Soap Box

Don't buy oil & gas' propaganda

To the editor,

After reading Tracy Chamberlain’s article in the Telegraph about Prop 112 I felt I needed to respond. This article at first seems fair and balanced but it left me thinking that Tracy is writing in favor of oil and gas and in opposition to Prop 112. There were no quotes from the proponents of Prop 112 only from Christi Zeller who works for the oil and gas industry. Nor was there any mention of the multiple scientific studies demonstrating the negative health impacts of living or working in close proximity to oil and gas wells. Nor was the fact mentioned that some  of these wells have exploded recently killing and poisoning Coloradans and safer setbacks are needed for a safer evacuation distance. Nor is there any mention that the U.N. just released a report that says fossil fuels are a threat to civilization and that we need to immediately reduce our reliance on these sources if we are going to continue living on this planet. The argument made in this article is that the oil and gas companies won’t have  anywhere to drill in Colorado and they will have to keep poisoning us with the 50,000 wells they already have!

The other argument quoted from the oil and gas industry is that tax revenue will decrease if Prop 112 passes claiming, “La Plata County will lose millions of dollars in tax revenue.” This article fails to mention that the oil and gas industry will continue paying as little taxes as possible, and as the oil and gas industry is phased out and other sources of energy are produced, the tax burden will shift to those industries. Nor does this article mention how we prop up the oil and gas industry with not only our health but with our tax dollars, going to road repair and construction, health care, emergencies, and drill site clean up. As we turn this beautiful planet into a wasteland, I am sure we will be happy with our decision to keep those tax dollars flowing from oil and gas; we couldn’t possibly get tax revenue from anywhere else. This is a false trap created by an insidious industry.

The only reason that the oil and gas companies are able to make such excessive profit is because they externalize their costs. Who pays those costs? Not only the residents of Colorado, who pay with their health, health care costs and tax dollars, but also the employees of the oil and gas industry who risk their health and lives so these companies can make millions, for example the Koch brothers.

Multiple studies in multiple states have confirmed the ill effects of living and working close to oil and gas well sites. Oil and gas production is not only detrimental to our health, it is jeopardizing life on this planet. We have to cut back on fossil fuels in favor of energy sources that will not put our health and the health of future generations at risk. As we shut down the fossil fuel industry, we will have the ability to build a stronger economy with better, safer and more resilient energy and jobs that benefit the whole and not just the few.

Please think critically about this issue and don’t believe the propaganda. Please do some research, look at who is funding both sides, look at the articles about Prop 112 in Reuters and U.S. News and World Report, as well as the U.N.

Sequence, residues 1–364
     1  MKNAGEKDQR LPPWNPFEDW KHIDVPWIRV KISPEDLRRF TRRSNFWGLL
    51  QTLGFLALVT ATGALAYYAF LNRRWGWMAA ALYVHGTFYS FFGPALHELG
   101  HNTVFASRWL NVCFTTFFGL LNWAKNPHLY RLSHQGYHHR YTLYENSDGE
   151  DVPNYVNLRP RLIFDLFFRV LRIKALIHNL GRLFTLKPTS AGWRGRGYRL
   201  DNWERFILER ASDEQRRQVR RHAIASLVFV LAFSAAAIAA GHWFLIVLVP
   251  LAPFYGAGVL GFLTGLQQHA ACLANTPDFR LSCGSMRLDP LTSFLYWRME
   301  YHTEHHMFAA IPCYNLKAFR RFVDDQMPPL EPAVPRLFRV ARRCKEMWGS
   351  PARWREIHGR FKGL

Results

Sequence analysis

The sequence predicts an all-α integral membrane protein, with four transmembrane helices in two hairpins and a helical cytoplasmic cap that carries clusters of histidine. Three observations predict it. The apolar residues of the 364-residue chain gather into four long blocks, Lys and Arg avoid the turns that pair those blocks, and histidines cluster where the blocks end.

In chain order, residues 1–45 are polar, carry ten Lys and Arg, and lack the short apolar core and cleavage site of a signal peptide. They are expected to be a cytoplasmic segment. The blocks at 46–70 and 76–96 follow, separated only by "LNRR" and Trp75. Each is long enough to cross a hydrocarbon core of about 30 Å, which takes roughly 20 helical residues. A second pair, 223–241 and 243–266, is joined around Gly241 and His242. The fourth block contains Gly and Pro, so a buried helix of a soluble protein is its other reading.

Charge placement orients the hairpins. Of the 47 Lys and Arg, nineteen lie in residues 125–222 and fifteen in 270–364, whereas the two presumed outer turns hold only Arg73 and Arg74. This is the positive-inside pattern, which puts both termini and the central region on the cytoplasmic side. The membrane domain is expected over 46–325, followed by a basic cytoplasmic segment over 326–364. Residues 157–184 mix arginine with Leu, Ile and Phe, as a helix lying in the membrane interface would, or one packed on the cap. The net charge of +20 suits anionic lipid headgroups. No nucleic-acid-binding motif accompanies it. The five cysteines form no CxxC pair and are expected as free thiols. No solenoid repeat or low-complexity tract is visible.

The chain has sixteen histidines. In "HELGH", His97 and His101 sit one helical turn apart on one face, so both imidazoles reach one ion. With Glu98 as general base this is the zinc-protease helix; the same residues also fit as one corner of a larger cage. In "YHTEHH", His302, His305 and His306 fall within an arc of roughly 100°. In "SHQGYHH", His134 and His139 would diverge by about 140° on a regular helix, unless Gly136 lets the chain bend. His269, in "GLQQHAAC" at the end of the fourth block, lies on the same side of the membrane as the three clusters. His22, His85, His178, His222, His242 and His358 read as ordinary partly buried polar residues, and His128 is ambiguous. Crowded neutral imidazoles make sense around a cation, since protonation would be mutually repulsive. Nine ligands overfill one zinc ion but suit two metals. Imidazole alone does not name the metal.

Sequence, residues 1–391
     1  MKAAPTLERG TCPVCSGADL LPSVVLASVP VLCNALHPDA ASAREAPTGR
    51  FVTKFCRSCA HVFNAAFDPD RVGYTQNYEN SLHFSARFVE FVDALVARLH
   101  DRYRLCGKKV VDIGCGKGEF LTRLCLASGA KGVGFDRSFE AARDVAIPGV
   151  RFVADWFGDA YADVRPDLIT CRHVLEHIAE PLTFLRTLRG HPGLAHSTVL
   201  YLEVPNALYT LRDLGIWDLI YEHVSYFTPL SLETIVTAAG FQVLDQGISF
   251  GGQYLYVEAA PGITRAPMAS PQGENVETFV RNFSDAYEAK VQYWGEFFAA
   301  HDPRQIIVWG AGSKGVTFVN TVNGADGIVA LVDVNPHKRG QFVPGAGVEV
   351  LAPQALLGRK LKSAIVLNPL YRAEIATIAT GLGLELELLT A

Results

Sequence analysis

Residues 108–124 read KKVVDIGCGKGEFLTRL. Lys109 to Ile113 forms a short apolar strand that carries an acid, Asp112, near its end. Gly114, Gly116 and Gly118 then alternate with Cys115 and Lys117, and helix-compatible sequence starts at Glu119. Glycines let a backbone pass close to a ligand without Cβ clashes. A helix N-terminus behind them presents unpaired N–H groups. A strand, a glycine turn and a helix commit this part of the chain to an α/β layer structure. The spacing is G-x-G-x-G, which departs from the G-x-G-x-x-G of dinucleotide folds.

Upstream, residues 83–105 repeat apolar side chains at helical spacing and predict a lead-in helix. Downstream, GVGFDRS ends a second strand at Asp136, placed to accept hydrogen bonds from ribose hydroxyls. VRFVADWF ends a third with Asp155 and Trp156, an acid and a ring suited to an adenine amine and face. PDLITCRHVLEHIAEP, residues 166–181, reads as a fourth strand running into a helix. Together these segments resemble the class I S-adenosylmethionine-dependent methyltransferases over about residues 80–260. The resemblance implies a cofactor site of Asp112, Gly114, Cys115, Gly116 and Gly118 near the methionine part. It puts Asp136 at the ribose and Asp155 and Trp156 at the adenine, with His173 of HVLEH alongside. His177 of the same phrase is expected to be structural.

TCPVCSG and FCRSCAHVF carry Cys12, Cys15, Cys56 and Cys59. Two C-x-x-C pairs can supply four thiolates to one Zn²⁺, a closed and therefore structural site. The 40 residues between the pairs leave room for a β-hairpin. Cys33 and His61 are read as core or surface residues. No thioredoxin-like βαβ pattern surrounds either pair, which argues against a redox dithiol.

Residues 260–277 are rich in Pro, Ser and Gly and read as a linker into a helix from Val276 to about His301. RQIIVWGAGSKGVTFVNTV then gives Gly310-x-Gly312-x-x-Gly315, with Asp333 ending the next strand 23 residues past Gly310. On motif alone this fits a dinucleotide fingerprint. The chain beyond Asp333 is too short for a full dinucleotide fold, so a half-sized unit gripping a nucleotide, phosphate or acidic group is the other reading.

report on fossil fuels. The oil and gas industry has spent over $20 million trying to fight this while concerned citizens in favor have raised about $1 million. I encourage you to vote against the Koch brothers and this industry that is poisoning us for profit, and vote YES on Prop 112.

– Brian Gaddy, Durango

Who's money is behind Jones?

To the editor,

Paul Jones is a really nice guy who is running as an Independent to replace incumbent Democrat Barbara McLachlan in the Colorado House for our area. Barbara is also a really nice woman – Paul admits he voted for her in 2016! Paul has offered no reason, no policy differences, to what Barbara is already pursuing. He’s for education funding, but Barbara is an ex-teacher and has brought $30 million to our schools last year. He’s for mine clean up, but Barbara passed that bill last year. He wants to be bi-partisan; Barbara would agree. In fact, all her bills are bi-partisan, it’s the only way to get stuff done.

What’s up? Paul says he’s received no outside money, and indeed has only raised $26,000, but Unite Colorado has put $133,000 into his campaign so far. They pay for mailers, TV, radio, door hangers, even canvassers. Who is Unite Colorado? What influence will they have on Paul?

Please don’t believe that Paul Jones is truly Independent. Vote for Barbara McLachlan, who’s doing a great job!

– Douglas Walker, Durango

112 to protect people not profits

To the editor,

Vote yes on Proposition 112, which requires new oil & gas development be located at least 2,500 feet from occupied structures and other areas designated as vulnerable (that means your house, schools & water sources.)

Speaking of fake news and misinformation, check out Protect Colorado. They say to vote no because “Proposition 112 is backed by extreme out-of-state groups and increases energy setbacks to five times the distance of what is currently required, which effectively bans oil and natural gas development in Colorado.”

This is big oil at its most insidious. This PR organization wants to put big money and the lure of jobs ahead of truly protecting our citizen’s health and our environment.

– Ted Ullman, Mancos

Question 2A: show us the money

To the editor,

After reading the recent article about Ballot Initiative 2A, it became apparent that the public needs more information to make a better decision. After checking the “2A Fact Sheet” the details remain fuzzy at best. The article mentions the citizen survey that was circulated this summer. I vividly remember filling out this survey and even adding extra comments at the end to make points more clear than just filling in a 1-5 scale answer. If I remember correctly, the survey mentioned the police requesting about $19 million for a new facility. The roads need about $2.5 million. And parks and rec a similar amount, with some other expenditures thrown in as well.

However, from the fact sheet it is unclear how much the city is asking for and what each expense will be. The costs to fix/maintain roads and other infrastructure is understandable, especially with the increase in traffic. The expansion of parks and rec makes sense as well. And we can see that the police station is like all original Durango buildings, small, inefficient and in need of upgrades.